A giant exoplanet orbiting three suns has just been discovered, causing controversy regarding its origins and a possible extraterrestrial implication.

Astronomers have recently discovered a star system with multiple stars. Nothing out of the ordinary, except that a watery exoplanet four times the size of Jupiter – the largest planet in our Solar system with a mass one-thousandth that of the Sun, is trapped between these three burning celestial bodies.

This peculiar stellar system was spotted by astronomers from the University of Arizona using ground-based telescopes located in the desolate Atacama Desert in Chile. At first, the team of scientists were on the lookout for planets with extreme orbits when they stumbled across this intriguing star system.

The planet – named HD 131399Ab is located 320 light-years away from Earth, near the Scorpius constellation and the luminous star Antares. It orbits around a star twice the dimension of our Sun, while also sharing the space with two other stars rapidly twisting around each other. One of the two scorching celestial bodies is the size of our Sun, with the other one measuring only half.


Photo Credit/ESO


Utilizing near-infrared spestroscopy, astronomers determined the exoplanet has a considerable amount of water and methane, making it one of the coldest planets ever detected. However, because of its searing neighbors, it is boiling at over 500 degrees Celsius (1,000 degrees Fahrenheit), a temperature that doesn’t allow water to stay in its liquid form, making its surface unlikely to host any Earth related lifeforms.  

This unique planet has only recently been detected, that’s why a solid story regarding its origins has failed to appear in the study published in Science, but there are a few hypothesis and speculations.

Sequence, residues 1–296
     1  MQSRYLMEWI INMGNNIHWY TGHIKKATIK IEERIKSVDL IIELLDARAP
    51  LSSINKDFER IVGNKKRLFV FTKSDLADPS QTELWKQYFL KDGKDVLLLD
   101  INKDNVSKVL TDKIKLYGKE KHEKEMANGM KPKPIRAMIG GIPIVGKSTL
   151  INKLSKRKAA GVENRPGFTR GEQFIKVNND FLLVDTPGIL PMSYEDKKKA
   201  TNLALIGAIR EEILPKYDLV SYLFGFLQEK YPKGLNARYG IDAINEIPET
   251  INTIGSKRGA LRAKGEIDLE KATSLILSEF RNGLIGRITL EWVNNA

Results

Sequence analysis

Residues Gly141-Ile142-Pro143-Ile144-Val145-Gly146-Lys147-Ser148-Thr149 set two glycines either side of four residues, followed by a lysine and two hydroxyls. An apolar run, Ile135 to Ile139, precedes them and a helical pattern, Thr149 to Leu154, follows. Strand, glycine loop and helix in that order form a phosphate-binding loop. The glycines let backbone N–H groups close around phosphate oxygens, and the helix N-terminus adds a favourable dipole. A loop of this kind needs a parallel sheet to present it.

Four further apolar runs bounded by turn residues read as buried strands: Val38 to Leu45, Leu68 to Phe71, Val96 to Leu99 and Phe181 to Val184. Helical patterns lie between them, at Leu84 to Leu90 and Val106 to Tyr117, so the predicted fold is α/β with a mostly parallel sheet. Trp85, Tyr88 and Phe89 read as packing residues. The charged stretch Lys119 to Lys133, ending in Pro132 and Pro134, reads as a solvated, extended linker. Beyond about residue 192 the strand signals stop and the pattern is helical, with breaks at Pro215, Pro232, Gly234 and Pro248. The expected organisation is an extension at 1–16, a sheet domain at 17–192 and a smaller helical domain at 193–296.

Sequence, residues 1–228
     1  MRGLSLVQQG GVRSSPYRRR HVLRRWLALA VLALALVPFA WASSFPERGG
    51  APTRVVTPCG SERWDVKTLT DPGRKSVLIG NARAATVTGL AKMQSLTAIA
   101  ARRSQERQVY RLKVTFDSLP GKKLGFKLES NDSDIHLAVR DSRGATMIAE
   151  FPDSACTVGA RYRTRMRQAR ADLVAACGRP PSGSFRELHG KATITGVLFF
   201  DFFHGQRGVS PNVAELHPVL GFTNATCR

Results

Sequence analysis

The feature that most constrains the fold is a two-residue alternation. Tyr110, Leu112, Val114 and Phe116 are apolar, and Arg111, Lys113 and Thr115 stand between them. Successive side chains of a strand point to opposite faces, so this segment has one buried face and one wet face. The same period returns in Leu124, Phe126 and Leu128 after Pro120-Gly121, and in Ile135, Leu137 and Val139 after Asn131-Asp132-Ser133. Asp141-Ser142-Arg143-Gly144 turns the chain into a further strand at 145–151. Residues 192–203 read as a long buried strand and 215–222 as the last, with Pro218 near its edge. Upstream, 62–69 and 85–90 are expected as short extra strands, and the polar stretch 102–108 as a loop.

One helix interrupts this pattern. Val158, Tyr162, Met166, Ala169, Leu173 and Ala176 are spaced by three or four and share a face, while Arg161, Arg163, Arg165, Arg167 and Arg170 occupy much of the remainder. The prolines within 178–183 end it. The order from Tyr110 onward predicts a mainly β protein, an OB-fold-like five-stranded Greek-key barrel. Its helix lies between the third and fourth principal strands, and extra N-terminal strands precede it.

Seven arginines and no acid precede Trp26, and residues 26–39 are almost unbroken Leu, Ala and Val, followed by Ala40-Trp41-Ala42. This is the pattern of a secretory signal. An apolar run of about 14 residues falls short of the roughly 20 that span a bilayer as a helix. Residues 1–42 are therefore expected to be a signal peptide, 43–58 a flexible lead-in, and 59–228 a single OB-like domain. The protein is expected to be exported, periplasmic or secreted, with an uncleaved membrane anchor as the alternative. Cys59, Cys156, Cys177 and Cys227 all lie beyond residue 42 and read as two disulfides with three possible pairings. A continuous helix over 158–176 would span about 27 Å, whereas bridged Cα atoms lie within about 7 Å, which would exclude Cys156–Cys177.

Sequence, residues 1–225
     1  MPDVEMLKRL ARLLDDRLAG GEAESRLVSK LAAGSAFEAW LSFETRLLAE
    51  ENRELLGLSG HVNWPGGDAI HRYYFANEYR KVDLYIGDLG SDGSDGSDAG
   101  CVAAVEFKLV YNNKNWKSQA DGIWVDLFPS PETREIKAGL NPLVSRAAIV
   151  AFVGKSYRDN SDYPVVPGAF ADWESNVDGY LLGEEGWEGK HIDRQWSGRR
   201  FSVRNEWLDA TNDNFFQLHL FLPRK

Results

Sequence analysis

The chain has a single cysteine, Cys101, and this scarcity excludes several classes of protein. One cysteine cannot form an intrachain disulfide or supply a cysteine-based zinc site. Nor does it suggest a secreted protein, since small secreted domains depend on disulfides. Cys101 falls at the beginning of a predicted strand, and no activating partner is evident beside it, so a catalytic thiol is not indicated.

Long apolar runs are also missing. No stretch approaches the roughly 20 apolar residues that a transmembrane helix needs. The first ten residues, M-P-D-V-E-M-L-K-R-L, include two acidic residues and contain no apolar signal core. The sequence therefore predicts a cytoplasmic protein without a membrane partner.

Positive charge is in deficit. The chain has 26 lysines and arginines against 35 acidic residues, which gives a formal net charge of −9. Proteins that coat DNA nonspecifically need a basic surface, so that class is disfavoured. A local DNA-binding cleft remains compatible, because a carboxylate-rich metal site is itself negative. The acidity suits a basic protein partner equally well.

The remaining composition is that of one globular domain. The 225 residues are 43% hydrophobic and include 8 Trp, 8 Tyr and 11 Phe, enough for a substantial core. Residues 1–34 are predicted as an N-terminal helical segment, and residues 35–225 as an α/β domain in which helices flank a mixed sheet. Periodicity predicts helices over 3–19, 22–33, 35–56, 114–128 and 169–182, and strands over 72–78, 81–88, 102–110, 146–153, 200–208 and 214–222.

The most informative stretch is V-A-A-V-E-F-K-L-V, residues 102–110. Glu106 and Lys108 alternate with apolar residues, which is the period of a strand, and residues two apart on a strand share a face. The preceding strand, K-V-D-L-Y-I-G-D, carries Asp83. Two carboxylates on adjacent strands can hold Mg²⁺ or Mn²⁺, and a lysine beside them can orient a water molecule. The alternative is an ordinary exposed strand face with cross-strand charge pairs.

One idea proposes that the exoplanet formed in the vicinity of the star it directly orbits, but was vacuumed by other forces, thus considerably enlarging its orbit. The other theory assumes that the star it orbits – the one twice the size of the Sun, has formed near the other twin stars, but was somehow separated from them and caught in a new orbit. But how could the ‘big bother’ get separated from its two smaller companions?

There is much we don’t understand about the cosmos, that’s why researchers are finding this troubling to explain. Because of this, a debate has sparkled inside the UFO community suggesting that the exoplanet was in fact artificially moved to its current position. An advanced species of extraterrestrials would find such a location appealing because they could harvest the energy from three suns.

The formidable proportions of this exoplanet make it a reliable candidate for supporting a considerable alien population, although the outlandish conditions on its surface would make life possible for lifeforms extremely different from those on Earth.

Other than this, the three stars seem to emit exotic forms of radiation, forming a strong electromagnetic field that would serve as a shield for HD 131399Ab, and all the lifeforms that would allegedly exist and adapt in this particular star system. Could it be that this system as a whole offers the ideal habitability conditions for an advanced species of extraterrestrials? Or has this conglomeration rather occurred as a result of a natural universal phenomenon?


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